Diversity and cancel culture have become such a hot topic these days. The right is offended because of cancel culture and the left is offended because there isn't enough diversity or inclusion.
I am skeptical about diversity and cancel culture. I think diversity and inclusion of women and minority groups in a dominantly entitled white male society is a positive. Making a business decision to stop publishing books that aren't selling well is a smart decision for a capitalistic corporation. Also, I feel that going overboard on political correctness can be a bit much.
My problem with diversity and cancel culture is that both have been going on for generations. As a high school student, I was fat, had an ethnic background, was not Catholic or Protestant, had zits, and didn't play a sport. I was ostracized by my so-called classmates. They were the clique. The popular students. I was the "nerd" on the outside looking in. In fact, to this day, I still am.
When I was in college, I was fortunate enough to find my niche. I joined the college radio station and felt accepted for who I was: an outcast. However, when I left college and started working, I was once again on the outside looking in. I was not "cool" enough to hang out with the cliques at work. In one instance, I was related to the CEO of the company and was not trusted with any sort of gossip. My colleagues feared I'd tattle on them. It was never my intention but they didn't care.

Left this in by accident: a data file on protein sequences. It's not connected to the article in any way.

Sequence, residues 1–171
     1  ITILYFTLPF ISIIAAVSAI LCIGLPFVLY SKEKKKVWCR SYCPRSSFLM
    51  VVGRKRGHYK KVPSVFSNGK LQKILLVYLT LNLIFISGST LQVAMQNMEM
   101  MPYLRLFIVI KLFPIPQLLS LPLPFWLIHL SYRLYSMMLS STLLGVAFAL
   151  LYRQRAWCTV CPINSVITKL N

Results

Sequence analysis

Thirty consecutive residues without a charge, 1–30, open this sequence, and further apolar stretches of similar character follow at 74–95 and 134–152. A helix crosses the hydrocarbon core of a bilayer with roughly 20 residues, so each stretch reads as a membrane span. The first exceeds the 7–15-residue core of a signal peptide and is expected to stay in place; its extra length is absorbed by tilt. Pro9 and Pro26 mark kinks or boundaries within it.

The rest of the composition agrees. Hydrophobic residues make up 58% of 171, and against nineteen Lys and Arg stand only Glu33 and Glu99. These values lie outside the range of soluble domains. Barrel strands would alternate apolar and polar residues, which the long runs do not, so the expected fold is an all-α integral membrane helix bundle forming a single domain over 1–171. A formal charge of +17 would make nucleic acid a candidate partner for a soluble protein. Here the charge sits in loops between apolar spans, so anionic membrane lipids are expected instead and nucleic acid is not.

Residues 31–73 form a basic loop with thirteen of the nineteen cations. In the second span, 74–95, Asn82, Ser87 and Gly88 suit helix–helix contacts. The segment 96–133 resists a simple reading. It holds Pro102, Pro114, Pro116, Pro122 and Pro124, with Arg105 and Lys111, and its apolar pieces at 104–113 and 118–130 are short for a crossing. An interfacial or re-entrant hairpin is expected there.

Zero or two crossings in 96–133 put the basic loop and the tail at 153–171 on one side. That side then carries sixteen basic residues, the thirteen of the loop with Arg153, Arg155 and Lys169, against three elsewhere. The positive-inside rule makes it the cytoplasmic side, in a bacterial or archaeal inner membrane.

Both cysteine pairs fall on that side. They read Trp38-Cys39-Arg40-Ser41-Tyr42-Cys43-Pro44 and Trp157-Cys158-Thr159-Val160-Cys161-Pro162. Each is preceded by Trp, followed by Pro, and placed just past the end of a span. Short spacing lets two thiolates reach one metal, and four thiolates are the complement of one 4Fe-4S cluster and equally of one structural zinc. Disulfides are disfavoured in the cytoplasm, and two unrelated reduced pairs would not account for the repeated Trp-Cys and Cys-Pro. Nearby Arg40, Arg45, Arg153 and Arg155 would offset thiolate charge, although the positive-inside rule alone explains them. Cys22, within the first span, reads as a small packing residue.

Later on, I went to graduate school. I went to an Orthodox Christian seminary. The majority of the students were men who were on track to become priests. I went through the whole curriculum with the exception of one class. I was again left on the outside because I was a woman. In some instances, my fellow students labeled me a "femi-nazi." I'm not sure what that means but I definitely was not that. I always believed that Jesus Christ was an equal opportunity Human and a very loving and inclusive God.
He stood up for women's rights. In John 8:7, Jesus Christ says: "Let any one of you who is without sin be the first to throw a stone at her.” In other instances, He was an advocate for minorities and disaffected groups. For example, His entire dialog with the Samaritan woman. Her biggest drawback was that she was not Jewish. She even asks Jesus in John 4:9 "'how...that you, a Jew, ask a drink of me, a woman of Samaria?' For Jews have no dealings with Samaritans."
The biggest problem I have is with the Bible. It has always had the descriptor "he" for eons but in recent decades has changed to accommodate everyone. It's "he" in the Bible because that's the way people thought at the time. God is male. However, we know that's not true. God is all. He is neither male nor female. God IS. I don't understand why that's such an issue. It's just the grammar rule of its day. We can never know God. If we can't know God, how can we describe God's gender?